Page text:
Given this, it is remarkable that South Africa doesn’t have a clear strategy to tackle murder. Reducing the factors contributing to murder would probably bring down violence more generally. The key is to understand what drives murder in particular areas.
Figure 2 shows the circumstances in which murders were committed in the first three months of 2021. The data is based on the 40% of murder cases in which the police had enough information to decide on possible causes.
Figure 2: Circumstances leading to murder, January – March 2021
Source: ISS Crime Hub
In 39% of cases (where police could establish a motive), the cause could be attributed to arguments and misunderstandings, often between acquaintances or relatives. This is a testament to how normalised violence is in everyday life. The second most common circumstance in which murders were committed was during a robbery (19%).
Given the frustration levels in high-crime communities, it is not surprising that vigilantism was the third most noted cause at 15%. Murders attributed to gangs, taxi conflict and illicit mining violence together made up 18%. If this proportion is added to robberies, as many as 52% of murders (where causes could be established) relate to organised crime and inter-group violence.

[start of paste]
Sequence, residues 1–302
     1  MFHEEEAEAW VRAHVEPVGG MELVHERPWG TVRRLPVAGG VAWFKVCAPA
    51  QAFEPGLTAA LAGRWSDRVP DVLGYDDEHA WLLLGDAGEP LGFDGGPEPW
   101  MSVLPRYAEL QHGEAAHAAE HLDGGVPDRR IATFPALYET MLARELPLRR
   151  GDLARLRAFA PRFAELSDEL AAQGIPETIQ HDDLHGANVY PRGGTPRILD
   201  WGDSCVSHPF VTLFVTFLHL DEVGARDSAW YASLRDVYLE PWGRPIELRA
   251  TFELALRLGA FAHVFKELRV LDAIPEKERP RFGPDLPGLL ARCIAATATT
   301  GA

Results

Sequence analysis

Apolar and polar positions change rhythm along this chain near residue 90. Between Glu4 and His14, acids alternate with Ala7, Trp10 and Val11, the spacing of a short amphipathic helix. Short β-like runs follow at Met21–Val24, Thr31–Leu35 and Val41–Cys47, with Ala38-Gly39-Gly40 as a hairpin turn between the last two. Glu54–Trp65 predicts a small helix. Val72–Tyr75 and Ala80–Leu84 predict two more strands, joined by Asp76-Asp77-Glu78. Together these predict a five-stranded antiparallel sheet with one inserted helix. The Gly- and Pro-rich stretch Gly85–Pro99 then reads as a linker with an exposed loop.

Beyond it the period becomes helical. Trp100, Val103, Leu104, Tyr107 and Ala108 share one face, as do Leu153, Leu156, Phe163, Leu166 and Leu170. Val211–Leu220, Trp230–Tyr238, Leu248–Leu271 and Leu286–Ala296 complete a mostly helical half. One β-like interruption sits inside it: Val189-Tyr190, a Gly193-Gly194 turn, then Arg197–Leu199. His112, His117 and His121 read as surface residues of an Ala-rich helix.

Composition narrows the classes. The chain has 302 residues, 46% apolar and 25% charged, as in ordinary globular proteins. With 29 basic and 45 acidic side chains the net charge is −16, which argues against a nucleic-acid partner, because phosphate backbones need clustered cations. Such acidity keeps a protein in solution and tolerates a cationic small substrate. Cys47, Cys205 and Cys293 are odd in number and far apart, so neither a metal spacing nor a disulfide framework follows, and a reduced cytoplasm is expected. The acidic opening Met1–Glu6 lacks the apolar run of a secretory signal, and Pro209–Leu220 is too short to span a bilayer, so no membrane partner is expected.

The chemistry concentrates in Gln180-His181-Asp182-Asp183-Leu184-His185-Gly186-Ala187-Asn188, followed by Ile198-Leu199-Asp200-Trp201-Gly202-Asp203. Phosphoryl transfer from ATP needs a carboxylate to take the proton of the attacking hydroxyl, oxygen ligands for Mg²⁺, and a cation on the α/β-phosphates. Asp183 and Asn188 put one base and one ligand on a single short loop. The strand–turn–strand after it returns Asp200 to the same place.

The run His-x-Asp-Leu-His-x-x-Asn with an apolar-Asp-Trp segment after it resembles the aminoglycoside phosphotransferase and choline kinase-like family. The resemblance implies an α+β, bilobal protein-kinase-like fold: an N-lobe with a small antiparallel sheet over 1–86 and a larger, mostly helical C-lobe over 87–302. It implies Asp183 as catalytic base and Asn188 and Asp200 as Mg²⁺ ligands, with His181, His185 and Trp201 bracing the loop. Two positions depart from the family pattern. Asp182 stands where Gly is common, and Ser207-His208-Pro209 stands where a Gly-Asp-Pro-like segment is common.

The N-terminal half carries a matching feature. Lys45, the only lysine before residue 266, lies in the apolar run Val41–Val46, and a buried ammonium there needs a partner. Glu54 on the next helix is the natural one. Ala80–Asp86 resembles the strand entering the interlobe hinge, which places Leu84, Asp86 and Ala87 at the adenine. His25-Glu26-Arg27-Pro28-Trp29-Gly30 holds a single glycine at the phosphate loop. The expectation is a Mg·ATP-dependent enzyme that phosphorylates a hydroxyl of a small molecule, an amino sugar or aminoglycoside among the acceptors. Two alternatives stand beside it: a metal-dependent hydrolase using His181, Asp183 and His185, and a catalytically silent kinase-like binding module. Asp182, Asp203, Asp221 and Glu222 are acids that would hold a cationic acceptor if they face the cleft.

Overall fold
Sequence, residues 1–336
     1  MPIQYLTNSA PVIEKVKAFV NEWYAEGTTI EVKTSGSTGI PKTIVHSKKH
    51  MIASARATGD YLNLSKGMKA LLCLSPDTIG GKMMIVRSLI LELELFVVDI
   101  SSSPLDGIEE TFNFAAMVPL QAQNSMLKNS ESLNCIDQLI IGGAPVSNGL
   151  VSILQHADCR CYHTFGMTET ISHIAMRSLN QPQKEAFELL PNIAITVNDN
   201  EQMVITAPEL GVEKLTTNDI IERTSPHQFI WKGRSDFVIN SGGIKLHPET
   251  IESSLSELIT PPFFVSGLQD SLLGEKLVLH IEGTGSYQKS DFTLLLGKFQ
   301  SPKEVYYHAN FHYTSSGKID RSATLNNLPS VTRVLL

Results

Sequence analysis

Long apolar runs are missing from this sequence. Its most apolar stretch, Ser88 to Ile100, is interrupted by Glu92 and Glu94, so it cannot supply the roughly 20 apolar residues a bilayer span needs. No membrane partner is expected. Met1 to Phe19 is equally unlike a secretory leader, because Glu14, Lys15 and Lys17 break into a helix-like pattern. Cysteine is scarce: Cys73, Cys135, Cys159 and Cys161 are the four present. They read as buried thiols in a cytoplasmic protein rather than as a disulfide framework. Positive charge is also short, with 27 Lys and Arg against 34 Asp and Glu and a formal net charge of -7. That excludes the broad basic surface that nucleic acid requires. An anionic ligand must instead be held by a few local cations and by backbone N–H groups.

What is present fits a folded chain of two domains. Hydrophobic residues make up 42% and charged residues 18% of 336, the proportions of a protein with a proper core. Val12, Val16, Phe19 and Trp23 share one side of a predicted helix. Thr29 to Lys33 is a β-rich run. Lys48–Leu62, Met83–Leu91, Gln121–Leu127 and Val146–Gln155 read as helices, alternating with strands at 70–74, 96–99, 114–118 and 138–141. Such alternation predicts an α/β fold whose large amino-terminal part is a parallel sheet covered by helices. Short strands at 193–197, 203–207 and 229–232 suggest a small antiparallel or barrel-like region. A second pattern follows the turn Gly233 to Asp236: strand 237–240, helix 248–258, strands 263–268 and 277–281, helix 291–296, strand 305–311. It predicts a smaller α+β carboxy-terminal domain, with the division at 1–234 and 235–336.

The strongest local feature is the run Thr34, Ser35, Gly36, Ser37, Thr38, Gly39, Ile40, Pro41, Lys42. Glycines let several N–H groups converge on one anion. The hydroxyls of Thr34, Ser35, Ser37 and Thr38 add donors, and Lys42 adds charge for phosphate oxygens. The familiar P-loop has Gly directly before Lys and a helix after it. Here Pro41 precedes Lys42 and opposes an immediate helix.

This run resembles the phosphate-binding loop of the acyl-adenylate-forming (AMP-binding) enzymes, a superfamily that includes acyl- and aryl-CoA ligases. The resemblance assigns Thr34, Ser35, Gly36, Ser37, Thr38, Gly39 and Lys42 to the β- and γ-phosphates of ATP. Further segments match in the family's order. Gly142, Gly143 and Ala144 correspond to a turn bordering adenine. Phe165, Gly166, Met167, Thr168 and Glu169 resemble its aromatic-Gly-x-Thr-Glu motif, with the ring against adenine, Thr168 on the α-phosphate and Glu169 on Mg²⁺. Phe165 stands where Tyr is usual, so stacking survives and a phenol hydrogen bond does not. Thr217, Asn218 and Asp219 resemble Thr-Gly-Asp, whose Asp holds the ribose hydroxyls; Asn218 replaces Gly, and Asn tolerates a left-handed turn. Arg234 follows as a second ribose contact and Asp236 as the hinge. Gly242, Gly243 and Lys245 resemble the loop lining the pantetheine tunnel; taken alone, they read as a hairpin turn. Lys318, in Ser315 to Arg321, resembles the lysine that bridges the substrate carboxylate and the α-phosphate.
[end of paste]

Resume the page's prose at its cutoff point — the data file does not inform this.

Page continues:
Unfortunately, the police’s ability to solve murders has declined by 38% since 2011/12, with the result that in 2019/20, detectives were only able to solve 19 out of every 100 murders. The record for aggravated robbery is worse, with only 17% being solved.
The enforcement of the lockdown regulations may have distracted police from removing illegal firearms and tackling criminal networks. It would appear that organised crime groups took advantage of this and strengthened as a result. The police’s crime intelligence capability has also declined, decimated by years of factional battles, political interference, corruption and weak police leadership. This means we can probably anticipate ongoing increases in murder and robbery in the short to medium term.
A large portion of murder and aggravated robbery occurs in predictable places and times. Figure 3 shows the 30 policing precincts that recorded the highest murders between January and March 2021. These make up only 2.6% of police stations in the country but accounted for 22.5% of all murders during this period. They are mainly located in South Africa’s larger metros. Most attacks occurred over weekends and in identifiable hotspots.